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Vainglory devs announce rev-sharing program with eSports teams for 2017

If the program is successful, pro Vainglory teams will see strong financial support from the developers and possibly establish home cities for teams to give audiences eSports hometown heroes.

Bryant Francis

December 1, 2016

2 Min Read

As the rapidly-ballooning business of eSports has grown larger and larger, developers have begun to grapple with how to properly support professional teams and players. In recent months, some have begun to make noise about how they aren’t making enough money from playing professionally. 

In response to this, it seems developers like Vainglory creator Super Evil Megacorp are attempting to get ahead of the curve. In a press release today, the company announced a new eSports franchise program intended to share revenue with pro Vainglory teams like TSM, C9 and Team Secret,and provide support for teams to set up official home cities for themselves. 

Devs working on eSports programs of their own ought to keep an eye on Vainglory’s program as it takes shape, since teams are being promised a share of revenue from broadcast rights, ticket sales, and sponsorships. These were some of the revenue sources that League of Legends teams, for instance, requested Riot make available to them in a letter a few months ago.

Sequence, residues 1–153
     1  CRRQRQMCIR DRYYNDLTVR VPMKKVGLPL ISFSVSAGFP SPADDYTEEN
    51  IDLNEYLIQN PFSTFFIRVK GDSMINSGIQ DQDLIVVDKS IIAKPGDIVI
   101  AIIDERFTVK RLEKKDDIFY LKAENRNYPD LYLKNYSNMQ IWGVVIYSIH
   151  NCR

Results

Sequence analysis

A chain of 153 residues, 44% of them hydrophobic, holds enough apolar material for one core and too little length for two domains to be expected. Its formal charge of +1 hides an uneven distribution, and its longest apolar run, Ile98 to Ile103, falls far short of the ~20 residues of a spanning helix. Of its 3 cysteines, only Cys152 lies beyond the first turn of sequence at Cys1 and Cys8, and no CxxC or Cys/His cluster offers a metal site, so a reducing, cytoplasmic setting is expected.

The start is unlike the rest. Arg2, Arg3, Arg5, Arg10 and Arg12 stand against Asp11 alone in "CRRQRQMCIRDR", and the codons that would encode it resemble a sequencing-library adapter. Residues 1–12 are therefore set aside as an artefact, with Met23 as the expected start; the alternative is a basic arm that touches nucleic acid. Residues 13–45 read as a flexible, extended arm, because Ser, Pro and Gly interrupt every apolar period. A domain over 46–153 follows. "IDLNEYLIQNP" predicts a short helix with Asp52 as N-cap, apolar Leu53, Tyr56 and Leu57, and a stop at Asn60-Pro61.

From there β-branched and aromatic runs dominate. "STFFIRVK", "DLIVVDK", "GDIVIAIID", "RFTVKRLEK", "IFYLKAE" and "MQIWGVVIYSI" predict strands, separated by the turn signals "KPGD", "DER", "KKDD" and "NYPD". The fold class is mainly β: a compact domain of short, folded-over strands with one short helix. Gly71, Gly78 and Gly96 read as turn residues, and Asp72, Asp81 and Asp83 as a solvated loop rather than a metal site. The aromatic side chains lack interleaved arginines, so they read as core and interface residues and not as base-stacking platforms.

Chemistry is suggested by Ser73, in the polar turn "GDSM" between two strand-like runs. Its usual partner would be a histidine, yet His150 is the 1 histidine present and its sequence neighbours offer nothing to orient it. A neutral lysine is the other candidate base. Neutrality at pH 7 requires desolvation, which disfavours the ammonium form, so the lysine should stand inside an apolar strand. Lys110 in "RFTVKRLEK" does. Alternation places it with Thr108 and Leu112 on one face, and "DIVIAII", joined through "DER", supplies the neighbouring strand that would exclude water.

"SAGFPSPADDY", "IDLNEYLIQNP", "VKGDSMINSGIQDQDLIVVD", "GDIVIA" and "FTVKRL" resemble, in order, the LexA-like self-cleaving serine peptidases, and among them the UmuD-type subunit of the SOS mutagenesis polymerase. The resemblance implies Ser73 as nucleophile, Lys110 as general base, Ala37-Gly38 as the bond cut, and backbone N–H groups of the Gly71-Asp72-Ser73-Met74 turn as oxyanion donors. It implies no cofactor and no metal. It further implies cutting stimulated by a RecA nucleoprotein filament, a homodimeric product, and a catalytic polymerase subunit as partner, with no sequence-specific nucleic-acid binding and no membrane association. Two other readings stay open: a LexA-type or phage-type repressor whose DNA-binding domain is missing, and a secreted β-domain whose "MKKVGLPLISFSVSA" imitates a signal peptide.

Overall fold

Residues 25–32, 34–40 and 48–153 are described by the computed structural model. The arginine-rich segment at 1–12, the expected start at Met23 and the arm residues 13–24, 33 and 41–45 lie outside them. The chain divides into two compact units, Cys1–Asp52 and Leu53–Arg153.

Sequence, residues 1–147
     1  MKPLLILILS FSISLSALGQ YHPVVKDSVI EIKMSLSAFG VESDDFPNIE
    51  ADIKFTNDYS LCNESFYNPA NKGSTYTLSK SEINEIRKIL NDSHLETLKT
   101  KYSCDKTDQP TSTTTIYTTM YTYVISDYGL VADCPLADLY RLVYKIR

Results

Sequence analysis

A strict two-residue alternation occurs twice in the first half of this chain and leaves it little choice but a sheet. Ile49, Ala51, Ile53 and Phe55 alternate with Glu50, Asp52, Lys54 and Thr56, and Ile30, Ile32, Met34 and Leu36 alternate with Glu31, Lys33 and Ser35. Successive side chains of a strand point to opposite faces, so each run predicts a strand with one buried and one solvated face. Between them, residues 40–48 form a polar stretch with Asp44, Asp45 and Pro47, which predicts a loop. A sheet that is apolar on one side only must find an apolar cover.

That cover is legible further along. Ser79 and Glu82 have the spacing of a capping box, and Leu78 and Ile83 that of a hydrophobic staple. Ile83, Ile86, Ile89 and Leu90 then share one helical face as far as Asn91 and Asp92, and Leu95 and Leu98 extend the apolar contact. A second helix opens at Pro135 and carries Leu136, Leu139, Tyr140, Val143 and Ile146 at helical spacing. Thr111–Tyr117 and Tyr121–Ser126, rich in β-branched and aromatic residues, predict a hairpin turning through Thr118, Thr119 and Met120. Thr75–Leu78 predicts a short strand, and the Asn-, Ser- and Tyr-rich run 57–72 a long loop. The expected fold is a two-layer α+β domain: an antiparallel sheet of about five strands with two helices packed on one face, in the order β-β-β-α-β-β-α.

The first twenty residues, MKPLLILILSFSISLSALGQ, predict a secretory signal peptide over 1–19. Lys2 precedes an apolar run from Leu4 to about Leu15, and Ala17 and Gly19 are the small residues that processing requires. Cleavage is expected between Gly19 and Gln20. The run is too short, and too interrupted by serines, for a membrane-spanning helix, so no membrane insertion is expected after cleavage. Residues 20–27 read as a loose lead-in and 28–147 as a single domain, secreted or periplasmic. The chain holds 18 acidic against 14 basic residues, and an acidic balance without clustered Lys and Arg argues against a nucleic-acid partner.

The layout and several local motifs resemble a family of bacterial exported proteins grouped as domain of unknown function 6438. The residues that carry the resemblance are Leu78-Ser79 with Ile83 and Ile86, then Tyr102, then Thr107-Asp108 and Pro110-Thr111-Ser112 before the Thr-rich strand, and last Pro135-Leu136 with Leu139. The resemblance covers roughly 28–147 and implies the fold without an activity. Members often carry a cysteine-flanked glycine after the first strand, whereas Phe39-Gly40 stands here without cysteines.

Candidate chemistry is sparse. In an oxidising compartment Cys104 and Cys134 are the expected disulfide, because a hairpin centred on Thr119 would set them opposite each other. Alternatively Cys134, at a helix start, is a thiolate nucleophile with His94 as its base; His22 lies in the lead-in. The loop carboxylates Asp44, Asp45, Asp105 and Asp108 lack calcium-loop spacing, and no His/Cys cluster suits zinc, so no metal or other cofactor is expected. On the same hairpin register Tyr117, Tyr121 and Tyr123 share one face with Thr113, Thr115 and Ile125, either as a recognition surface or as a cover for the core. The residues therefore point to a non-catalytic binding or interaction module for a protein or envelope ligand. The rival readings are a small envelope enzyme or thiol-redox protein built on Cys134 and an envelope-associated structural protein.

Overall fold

The pro teams included in this franchise arrangement will also make up a
governing advisory council meant to oversee changes to both the competitive structure and gameplay proposed by Vainglory’s developers. 

Super Evil Megacorp’s announcement seems generally addressed at attracting more pro eSports teams with promises to sustain this financial infrastructure. In an e-mail to Gamasutra, COO Kristian Segerstrale says the goal is to run a more flexible franchise operation that still allows unfranchised teams to compete in the pro Vainglory league. 

“Rather than attempting to emulate something uniform and fully regulated like the NFL, we are instead aiming to be something broader and more flexible, like soccer,” Segerstaile explains. 

And for those curious about the mention of “official home cities,” Segerstrale says they haven’t gotten involved with local governments about this yet, but they are aiming to provide support for teams interested in cultivating local talent and hometown pride. 

It’s a possible strategy that could help foster a bigger Vainglory fanbase (think what it would mean to root for a team named the San Francisco Steamrollers, for instance), and create a clear pipeline from local tournaments to professional players. 

For prospective Vainglory team owners out there, the company says teams will have until January 15 2017 to apply for program membership. 

About the Author(s)

Bryant Francis

Senior Editor, GameDeveloper.com

Bryant Francis is a writer, journalist, and narrative designer based in Boston, MA. He currently writes for Game Developer, a leading B2B publication for the video game industry. His credits include Proxy Studios' upcoming 4X strategy game Zephon and Amplitude Studio's 2017 game Endless Space 2.

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